That’s why it worries me so much that since Dave came back to enjoy the sun and run the big show for his mate the Premier, The Comms Team has been awarded nearly $3/4 of a million worth of government contracts over and above the Wireless and Infrastructure gigs they copped when Dave was in charge of Projects Queensland.
This is them below, extrapolated from the government’s open data website.
What worries me even more though is that 2 of the 4 largest contracts – the ones worth $158 224 and $55 000 respectively, sum total $213 224 – were issued by limited tender, which in layman’s terms means that they weren’t publicly advertised in the usual manner, but instead that The Comms Team were approached directly by the government and asked to name their price.
It’s what we call in Geebung a ‘jack up’ or a ‘gimme’, and by the Government’s own procurement rules the highly questionable method of dishing out contracts is only supposed to be used, and I quote:
in very specific circumstances, such as under extreme urgency or if goods and services can only be provided by one supplier (e.g. a commissioned work of art).
Bearing this in mind, can anyone explain to me how a contract to run the communications and ‘stakeholder strategy’ – that means working out what color paper the junk mail flyers should be printed on – for a project to review (ie increase) public transport fares can be either:
(a) Urgent, when there are a million communications companies out there in the marketplace who are perfectly willing and able to spin a hike in how much you pay to wait an hour for a train to work into something akin to sex with a supermodel; or
(b) Able to be only supplied by one provider, when every bastard unlucky enough to be stuck at home in the daytime knows that there are more communications companies out there wanting to engage with – preferably in their eyes by phone – than there are snowflakes in Antartica, or Invercargill, New Zealand at the very least.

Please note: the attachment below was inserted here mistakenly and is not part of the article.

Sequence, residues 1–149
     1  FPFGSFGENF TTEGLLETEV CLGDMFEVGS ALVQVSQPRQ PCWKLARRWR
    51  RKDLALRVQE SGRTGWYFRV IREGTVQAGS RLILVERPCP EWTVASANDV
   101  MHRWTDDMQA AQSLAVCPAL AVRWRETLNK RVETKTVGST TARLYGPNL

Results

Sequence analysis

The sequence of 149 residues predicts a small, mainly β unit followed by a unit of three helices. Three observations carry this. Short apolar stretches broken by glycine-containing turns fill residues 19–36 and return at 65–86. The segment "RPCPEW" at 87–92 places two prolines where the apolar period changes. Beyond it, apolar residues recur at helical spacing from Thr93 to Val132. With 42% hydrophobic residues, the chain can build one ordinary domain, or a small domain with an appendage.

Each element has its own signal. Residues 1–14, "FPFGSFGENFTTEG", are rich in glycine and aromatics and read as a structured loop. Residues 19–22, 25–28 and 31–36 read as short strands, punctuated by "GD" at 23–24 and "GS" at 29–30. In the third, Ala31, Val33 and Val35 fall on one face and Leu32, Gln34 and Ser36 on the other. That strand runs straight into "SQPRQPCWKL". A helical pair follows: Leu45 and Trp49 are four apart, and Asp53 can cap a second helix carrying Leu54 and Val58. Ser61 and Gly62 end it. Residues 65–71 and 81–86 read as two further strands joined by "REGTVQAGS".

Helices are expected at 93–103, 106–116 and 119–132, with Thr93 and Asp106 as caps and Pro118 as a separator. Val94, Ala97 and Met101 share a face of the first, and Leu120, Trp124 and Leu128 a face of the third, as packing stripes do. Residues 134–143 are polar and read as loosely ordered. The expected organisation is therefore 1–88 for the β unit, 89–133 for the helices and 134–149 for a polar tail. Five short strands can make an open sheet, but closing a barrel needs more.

Similarly, how does a seemingly run of the mill gig such as being the Queensland Tourism and Transport Strategy contractor fall into either category, unless of course one contract leads to the other, and if that’s the case then the questions become even hairier.
Running the train down the same track (if we can find a driver without paying the bludger triple time), how does a contract to go knocking on punters doors to see what they reckon about our public transport system fall into the ‘selective tender’category?
To put you in the know,.selective tenders are, and I quote again:
Where they (the department letting the contract) have determined that only suppliers who have met certain pre-established criteria may submit a bid. This may require you to hold certain prequalification or accreditation.
What, like owning a bloody telephone? You’d have to be kidding wouldn’t you? Someone is surely having a lend of us you’d think, and do you know what? I reckon you’d be just about right because to a simple fella from Geebung like me the way these contracts have been awarded seems as hot as the electrical gear Larry the Lifter flogs to unsuspecting punters out the back of the Bunger carpark on a Friday night when the cops are on a changeover of shift. Very bloody hot indeed.
I reckon that someone needs to explain to the average sportsfan exactly why a company owned and operated by the missus of the bloke who heads the whole Government show is being awarded contracts with dollar figures on them that most could only dream about, without the missus of the big boss’s company being required to tender for the money spinning assignments on an open and competitive basis.
If it’s good enough for the mug commuter to compete in a survival of the fittest game every day to get a seat on a dirty old jam-packed QR train, then in my humble opinion its good enough for Dave’s bird and her mob to compete on price, quality and service for a contract to charge us more for the privilege.
That’s my humble opinion anyway.
What do you reckon?